Theresa May’s Brexit immigration policy was branded “heartless” after it emerged an 87-year-old woman living in Scotland had been asked to register to stay in the UK.
SNP Westminster leader Ian Blackford said forcing Tove MacDonald, brought up in Denmark under Nazi occupation before moving to the UK 59 years ago, to register for settled status was “a disgrace”.
Mr Blackford raised the case at prime minister’s questions following an STV News interview with Ms Macdonald.
The grandmother, describing the moment she received the UK government’s letter, said: “I got a letter to say that because of Brexit I had to register and I couldn’t understand why.
“I thought ‘this couldn’t be right’, because I’ve been here for so many years. I thought it was absolutely crazy. It makes me feel very sad because this is my home and I feel more Scottish than Danish, I’ve got nowhere to go. This is my home.”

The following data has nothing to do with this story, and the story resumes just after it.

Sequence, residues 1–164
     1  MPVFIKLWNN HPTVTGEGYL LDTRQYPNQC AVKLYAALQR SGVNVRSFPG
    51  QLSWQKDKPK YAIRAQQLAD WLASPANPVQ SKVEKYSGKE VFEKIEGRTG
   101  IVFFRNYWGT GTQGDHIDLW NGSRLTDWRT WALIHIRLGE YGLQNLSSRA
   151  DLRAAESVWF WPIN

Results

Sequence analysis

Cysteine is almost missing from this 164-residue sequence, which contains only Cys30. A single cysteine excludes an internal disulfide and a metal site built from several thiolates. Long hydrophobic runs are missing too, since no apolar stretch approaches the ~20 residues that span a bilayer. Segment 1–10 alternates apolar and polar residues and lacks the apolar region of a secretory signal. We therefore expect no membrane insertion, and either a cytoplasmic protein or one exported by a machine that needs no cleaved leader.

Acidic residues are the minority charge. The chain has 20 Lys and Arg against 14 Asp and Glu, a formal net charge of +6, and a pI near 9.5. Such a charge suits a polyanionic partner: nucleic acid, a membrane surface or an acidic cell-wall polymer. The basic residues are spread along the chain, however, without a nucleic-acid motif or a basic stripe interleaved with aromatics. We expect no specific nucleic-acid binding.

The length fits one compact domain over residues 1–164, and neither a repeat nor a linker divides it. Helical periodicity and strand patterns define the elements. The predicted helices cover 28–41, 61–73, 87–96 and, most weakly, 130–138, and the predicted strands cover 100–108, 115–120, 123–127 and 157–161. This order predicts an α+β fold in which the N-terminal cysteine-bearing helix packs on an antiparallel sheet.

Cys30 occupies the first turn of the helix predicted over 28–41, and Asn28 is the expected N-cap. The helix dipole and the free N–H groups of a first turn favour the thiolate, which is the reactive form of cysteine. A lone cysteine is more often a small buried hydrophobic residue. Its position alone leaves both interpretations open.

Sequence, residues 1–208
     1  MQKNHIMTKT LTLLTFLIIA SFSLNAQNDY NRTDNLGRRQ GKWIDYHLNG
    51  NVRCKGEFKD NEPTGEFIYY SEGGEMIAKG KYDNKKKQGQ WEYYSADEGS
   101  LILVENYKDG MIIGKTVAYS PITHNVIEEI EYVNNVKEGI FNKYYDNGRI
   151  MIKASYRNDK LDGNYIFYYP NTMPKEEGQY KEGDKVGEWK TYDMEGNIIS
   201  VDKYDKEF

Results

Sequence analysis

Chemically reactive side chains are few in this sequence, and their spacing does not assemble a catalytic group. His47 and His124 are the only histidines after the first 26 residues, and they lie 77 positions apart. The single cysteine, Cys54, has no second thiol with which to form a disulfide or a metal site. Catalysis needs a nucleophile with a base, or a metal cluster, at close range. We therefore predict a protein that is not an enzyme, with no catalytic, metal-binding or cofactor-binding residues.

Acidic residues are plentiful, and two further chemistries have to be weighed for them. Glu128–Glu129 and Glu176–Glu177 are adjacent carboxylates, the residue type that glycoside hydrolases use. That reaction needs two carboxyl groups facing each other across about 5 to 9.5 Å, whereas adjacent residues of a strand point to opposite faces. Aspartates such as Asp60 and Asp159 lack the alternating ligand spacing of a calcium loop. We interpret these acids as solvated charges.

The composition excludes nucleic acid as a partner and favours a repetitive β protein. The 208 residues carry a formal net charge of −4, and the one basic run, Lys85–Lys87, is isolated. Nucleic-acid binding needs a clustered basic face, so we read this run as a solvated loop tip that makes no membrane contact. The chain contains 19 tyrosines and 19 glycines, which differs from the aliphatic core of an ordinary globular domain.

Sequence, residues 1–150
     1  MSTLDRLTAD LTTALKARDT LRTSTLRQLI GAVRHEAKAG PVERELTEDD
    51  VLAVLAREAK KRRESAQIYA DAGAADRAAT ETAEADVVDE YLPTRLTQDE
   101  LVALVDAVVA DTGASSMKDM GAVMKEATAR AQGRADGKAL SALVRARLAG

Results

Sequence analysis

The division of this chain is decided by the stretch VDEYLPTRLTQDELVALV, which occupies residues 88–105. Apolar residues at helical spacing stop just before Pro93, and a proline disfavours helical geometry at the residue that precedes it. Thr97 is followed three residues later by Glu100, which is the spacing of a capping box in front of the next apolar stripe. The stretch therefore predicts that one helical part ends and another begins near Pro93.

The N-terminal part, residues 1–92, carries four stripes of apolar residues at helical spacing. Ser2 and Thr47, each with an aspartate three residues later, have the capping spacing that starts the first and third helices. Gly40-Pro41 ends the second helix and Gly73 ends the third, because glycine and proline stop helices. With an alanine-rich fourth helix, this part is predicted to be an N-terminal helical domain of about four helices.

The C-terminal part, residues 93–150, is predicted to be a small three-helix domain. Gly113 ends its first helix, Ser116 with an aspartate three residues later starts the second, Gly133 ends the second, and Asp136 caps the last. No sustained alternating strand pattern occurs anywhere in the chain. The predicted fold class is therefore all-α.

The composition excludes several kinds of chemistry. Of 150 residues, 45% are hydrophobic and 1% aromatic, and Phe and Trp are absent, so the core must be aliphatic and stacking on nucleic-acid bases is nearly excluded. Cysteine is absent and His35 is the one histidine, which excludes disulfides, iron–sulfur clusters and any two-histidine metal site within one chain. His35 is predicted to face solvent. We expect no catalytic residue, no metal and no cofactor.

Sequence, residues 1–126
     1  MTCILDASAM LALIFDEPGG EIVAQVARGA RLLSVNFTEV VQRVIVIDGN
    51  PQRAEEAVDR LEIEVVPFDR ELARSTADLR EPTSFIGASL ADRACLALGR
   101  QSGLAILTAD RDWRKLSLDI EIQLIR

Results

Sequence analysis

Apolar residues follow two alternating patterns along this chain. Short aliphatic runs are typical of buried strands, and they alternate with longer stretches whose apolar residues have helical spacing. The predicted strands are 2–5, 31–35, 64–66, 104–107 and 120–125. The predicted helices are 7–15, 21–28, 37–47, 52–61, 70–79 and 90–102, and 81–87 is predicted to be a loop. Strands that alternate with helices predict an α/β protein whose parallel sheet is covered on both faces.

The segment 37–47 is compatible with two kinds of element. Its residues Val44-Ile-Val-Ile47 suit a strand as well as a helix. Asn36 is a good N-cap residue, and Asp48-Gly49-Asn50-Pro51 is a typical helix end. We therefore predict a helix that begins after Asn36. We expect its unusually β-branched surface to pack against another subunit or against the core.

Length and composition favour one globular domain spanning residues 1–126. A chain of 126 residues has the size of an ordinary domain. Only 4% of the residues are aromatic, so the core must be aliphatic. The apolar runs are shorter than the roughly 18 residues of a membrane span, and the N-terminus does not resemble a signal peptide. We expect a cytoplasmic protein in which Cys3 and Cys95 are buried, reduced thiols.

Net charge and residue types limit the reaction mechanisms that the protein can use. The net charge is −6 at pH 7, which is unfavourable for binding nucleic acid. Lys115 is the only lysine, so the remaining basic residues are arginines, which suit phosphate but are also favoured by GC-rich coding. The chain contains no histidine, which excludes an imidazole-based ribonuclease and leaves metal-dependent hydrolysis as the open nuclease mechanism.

Mr Blackford said: “It is disgraceful that the UK government is forcing Tove Macdonald to apply to stay in her own home – despite having lived in Scotland for almost sixty years.
“Tove has children and grandchildren in Scotland. She was married here, she has friends here, and she has built her life here. It is utterly shameful that the UK government is now making her register to remain.”
He later added: “Under Theresa May’s damaging Brexit plans up to 200,000 EU nationals living in Scotland could be forced to register, under threat of deportation – and even though Scotland voted overwhelmingly to remain in the EU.
“The UK government must end this heartless policy and its mistreatment of EU citizens living in Scotland and the UK. EU nationals are our friends, neighbours, colleagues and family members.”
Mrs May did not respond to the specifics of the case, but said: “We want to ensure EU citizens living here have their rights protected.
“If he is interested in defending and protecting the rights of EU citizens here in this country then I hope he will vote for the deal, which does exactly that.”